Unigro builds world leading plant

quarantine house at Kew Gardens.

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Quarantine Glasshouses built by Unigro at Kew Gardens

A state-of-the-art plant quarantine glasshouses facility has been formally opened at the Royal Botanic Gardens, Kew (14 September 2011), designed and built by Unigro, a leading provider of controlled environments to universities and other research institutes. 

The new Plant Reception and Quarantine Unit will replace Kew Gardens’ existing facility, built in 1979. This new facility means that Kew can keep its precious collection of rare and interesting plants safe from pests and diseases and work with the Department for Environment, Food and Rural Affairs (Defra) to protect the UK natural environment.  

The design has been developed with containment as the top priority, with sustainability in mind. It has employed the following containment features:  

Double glazing to provide full containment security

Individual, isolated bays with precise controllable climates for temperature, relative humidity, day length and light levels

HEPA filtered air change to maintain negative air pressure (pre-set to CO₂ levels)

Facilities to permit fumigation to counteract pest or disease outbreaks

Contained drainage to ensure waste water is sterilised

Secondary containment bunding system throughout

The facility also contains the following energy saving features:

Efficient double glazing and external shade blinds system to minimise heat loss/gain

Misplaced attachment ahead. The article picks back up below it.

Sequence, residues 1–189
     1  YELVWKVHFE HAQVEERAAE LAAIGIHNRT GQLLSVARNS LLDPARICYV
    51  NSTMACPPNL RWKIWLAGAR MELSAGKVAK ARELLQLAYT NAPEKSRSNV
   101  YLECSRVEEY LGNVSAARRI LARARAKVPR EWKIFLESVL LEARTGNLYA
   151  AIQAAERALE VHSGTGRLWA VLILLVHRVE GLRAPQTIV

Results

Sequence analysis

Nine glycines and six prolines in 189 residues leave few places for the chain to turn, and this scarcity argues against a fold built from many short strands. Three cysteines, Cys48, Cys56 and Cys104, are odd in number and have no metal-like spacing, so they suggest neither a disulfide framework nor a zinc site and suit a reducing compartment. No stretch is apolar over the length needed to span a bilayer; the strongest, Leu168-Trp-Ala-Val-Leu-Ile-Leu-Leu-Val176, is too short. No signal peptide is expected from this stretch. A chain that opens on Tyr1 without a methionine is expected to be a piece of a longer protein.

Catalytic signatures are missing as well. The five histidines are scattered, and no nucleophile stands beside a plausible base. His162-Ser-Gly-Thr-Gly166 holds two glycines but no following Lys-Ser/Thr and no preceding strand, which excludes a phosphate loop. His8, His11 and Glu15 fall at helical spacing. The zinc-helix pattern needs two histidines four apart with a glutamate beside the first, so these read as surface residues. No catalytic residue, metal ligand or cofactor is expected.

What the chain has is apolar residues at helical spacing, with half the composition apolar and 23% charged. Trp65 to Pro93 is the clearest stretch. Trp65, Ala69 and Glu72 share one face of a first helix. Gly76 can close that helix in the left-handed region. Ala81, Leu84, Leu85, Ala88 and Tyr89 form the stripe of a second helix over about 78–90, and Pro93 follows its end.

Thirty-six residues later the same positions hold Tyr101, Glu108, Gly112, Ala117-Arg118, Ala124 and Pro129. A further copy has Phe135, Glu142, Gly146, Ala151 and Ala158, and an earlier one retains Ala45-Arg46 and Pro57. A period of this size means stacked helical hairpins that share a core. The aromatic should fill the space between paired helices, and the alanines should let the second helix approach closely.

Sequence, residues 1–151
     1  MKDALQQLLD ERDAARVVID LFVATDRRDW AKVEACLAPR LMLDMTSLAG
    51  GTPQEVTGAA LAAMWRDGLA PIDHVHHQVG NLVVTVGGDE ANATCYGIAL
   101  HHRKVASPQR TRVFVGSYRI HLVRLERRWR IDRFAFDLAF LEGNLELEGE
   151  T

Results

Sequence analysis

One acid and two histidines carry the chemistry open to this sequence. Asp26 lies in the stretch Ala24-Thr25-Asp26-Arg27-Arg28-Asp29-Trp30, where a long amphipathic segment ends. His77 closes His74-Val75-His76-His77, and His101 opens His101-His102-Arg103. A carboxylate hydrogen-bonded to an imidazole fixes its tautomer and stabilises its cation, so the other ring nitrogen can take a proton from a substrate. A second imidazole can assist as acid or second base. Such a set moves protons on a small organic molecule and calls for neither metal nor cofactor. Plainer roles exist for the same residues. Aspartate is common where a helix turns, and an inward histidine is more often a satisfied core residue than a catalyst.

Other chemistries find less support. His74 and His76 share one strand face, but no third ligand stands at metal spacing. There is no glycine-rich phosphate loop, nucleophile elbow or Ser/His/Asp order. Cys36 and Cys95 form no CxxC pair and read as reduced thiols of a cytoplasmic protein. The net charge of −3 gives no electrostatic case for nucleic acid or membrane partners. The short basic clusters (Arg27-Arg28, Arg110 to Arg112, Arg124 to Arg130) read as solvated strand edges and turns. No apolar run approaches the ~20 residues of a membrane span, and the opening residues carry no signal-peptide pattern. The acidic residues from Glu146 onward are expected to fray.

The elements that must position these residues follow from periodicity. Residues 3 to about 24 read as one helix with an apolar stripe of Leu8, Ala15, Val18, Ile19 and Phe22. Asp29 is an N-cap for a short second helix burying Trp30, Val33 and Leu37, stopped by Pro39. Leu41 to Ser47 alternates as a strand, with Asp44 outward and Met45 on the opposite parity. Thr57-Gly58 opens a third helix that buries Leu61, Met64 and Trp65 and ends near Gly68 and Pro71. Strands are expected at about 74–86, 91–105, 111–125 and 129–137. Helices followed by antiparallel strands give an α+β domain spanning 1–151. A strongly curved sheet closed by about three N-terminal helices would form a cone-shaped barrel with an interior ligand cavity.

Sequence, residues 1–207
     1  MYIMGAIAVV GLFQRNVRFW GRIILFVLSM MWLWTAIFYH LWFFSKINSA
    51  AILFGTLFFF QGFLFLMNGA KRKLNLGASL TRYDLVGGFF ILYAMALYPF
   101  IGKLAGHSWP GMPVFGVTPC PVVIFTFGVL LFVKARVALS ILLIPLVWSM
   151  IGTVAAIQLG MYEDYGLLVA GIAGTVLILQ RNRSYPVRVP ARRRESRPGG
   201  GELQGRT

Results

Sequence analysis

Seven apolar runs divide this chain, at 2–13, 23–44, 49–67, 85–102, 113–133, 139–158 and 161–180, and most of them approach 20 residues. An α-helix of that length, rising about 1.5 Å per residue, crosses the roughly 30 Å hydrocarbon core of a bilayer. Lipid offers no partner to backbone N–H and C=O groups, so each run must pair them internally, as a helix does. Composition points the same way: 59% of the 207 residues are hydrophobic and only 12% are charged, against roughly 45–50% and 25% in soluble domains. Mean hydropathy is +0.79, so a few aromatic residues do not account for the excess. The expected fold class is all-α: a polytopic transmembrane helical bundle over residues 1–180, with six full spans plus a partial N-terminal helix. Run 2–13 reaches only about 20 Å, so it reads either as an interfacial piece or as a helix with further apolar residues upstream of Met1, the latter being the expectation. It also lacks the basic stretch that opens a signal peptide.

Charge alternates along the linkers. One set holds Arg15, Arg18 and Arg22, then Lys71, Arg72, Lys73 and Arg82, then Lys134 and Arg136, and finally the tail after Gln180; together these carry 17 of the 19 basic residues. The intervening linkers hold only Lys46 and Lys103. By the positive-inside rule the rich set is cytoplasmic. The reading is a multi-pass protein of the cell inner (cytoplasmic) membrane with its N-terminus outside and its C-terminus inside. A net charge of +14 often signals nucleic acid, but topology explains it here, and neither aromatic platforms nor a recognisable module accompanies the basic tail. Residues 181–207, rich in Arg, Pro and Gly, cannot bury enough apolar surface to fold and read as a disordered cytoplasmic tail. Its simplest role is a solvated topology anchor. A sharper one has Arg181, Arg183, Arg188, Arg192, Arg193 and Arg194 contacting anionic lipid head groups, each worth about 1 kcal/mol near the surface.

Efficient ventilation to -recover heat from the extracted air

High efficiency internal and external lighting

Energy management system

Heat and coolth sink tanks to store surplus heat from the cooling system and provide heat for the building on demand. The tanks ensure continued operation of the glasshouse in the event of mechanical failure and enable a reduced chiller capacity utilising off-peak and CHP electricity.

Keith Hamp, Commercial Director at Unigro, said: “The Unigro team is very proud to be part of this project, which has provided Kew Gardens with state-of-the-art technology, making this facility unique not just across the UK, but the whole of Europe.  The new Plant Reception and Quarantine Unit provides highly contained facilities that function in a sustainable way, designed to protect the environment within and without. We are delighted to be associated with the security of our planet’s biodiversity, and look forward to continuing to work with the team at Kew as it begins to utilise the new facility.”

Dr Tim Entwisle, Director of Conservation, Living Collections and Estates, Royal Botanic Gardens, Kew said: “We are delighted to have worked with Unigro on this project. The company has experience of designing and building plant quarantine facilities, showed they had the best understanding of our needs and offered the best design and build package at a competitive price”.

Initially the Plant Reception and Quarantine glasshouse Unit will be used for plants entering and leaving Kew Gardens but in time a quarantine service will be provided to a wide range of organisations.